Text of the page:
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Mark Kelly, left, smiles as he stands on stage with Blake Masters, right, prior to a televised debate in Phoenix
Mark Kelly, left, on stage with Blake Masters, during a debate in Phoenix, on Oct. 6. Ross D. Franklin / AP file

Democratic Senate hopefuls raise and spend big in latest quarter

The latests campaign finance documents show that Democratic candidates have a financial edge in competitive Senate races.

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Even though Republicans in competitive Senate races have stepped up their fundraising, Democrats still have a sizable advantage when it comes to campaign cash, new filings show.

Republican candidates were outraised in all 11 Senate races that The Cook Political Report with Amy Walter rates as competitive, including in Utah, where independent Evan McMullin outraised GOP Sen. Mike Lee.

Democratic Senate candidates raised a combined $175.6 million, spent a combined $215 million and ended most recent quarter on Sept. 30 with a combined $60.9 million on hand, according to fundraising reports filed with the Federal Election Commission over the weekend.

Republicans, meanwhile, raised a combined $78.2 million, spent a combined $73.7 million and ended the quarter with $40.1 million on hand.

On average, a Democratic Senate candidate raised more than twice as much as his or GOP opponent, and ended the quarter with nearly twice as much on hand.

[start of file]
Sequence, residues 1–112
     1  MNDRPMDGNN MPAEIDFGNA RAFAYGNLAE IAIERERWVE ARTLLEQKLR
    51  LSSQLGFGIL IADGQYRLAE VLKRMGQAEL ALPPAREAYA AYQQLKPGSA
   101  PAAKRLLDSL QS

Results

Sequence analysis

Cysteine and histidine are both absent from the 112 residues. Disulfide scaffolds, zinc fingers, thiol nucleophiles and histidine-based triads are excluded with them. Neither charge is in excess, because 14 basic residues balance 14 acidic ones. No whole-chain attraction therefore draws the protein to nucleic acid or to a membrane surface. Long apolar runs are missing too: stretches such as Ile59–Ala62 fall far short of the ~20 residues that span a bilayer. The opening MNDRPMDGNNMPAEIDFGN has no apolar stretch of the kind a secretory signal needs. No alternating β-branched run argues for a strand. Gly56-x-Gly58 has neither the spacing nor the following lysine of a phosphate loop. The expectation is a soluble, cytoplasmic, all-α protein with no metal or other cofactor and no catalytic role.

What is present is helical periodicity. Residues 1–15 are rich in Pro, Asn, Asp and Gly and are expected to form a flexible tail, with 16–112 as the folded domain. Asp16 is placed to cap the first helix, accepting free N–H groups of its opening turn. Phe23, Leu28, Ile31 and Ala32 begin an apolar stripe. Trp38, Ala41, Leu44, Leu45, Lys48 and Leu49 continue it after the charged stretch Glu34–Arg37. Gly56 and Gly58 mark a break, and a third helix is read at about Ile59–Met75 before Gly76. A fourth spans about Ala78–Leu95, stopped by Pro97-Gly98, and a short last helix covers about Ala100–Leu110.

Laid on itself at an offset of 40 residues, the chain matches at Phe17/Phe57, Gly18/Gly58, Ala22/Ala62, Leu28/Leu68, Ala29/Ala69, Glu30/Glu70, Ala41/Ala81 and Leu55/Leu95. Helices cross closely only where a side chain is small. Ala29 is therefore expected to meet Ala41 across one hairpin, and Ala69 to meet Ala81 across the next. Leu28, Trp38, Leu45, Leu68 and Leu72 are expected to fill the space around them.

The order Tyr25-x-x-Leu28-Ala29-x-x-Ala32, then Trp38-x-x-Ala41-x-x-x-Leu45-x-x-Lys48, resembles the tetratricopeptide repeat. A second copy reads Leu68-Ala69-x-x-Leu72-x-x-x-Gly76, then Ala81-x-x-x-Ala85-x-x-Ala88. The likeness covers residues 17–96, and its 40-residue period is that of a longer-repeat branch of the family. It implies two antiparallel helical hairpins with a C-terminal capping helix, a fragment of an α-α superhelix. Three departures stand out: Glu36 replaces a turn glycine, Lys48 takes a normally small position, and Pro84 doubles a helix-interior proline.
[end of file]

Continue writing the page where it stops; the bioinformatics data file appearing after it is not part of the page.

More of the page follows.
While all of the Republicans in competitive races were outraised, Republicans did end the quarter with more cash on hand in Florida, Ohio, Wisconsin and Utah.  

Sen. Raphael Warnock, D-Ga., raised the most of the Democratic hopefuls with $26.4 million. Four other Democratic Senate candidates — Arizona Sen. Mark Kelly, Florida Rep. Val Demings, Pennsylvania Lt. Gov. John Fetterman and Wisconsin Lt. Gov. Mandela Barnes — also raised more than $20 million.

Pennsylvania Republican Mehmet Oz raised the most of the GOP candidates, pulling in $15.9 million, which includes a $7 million loan from Oz himself.

And Oz wasn't the only GOP candidate willing to open up his own In Colorado, construction company owner Joe O’Dea loaned his campaign $1 million. Arizona Republican Blake Masters loaned his campaign $861,000 and Ohio Republican J.D. Vance loaned his campaign $700,000.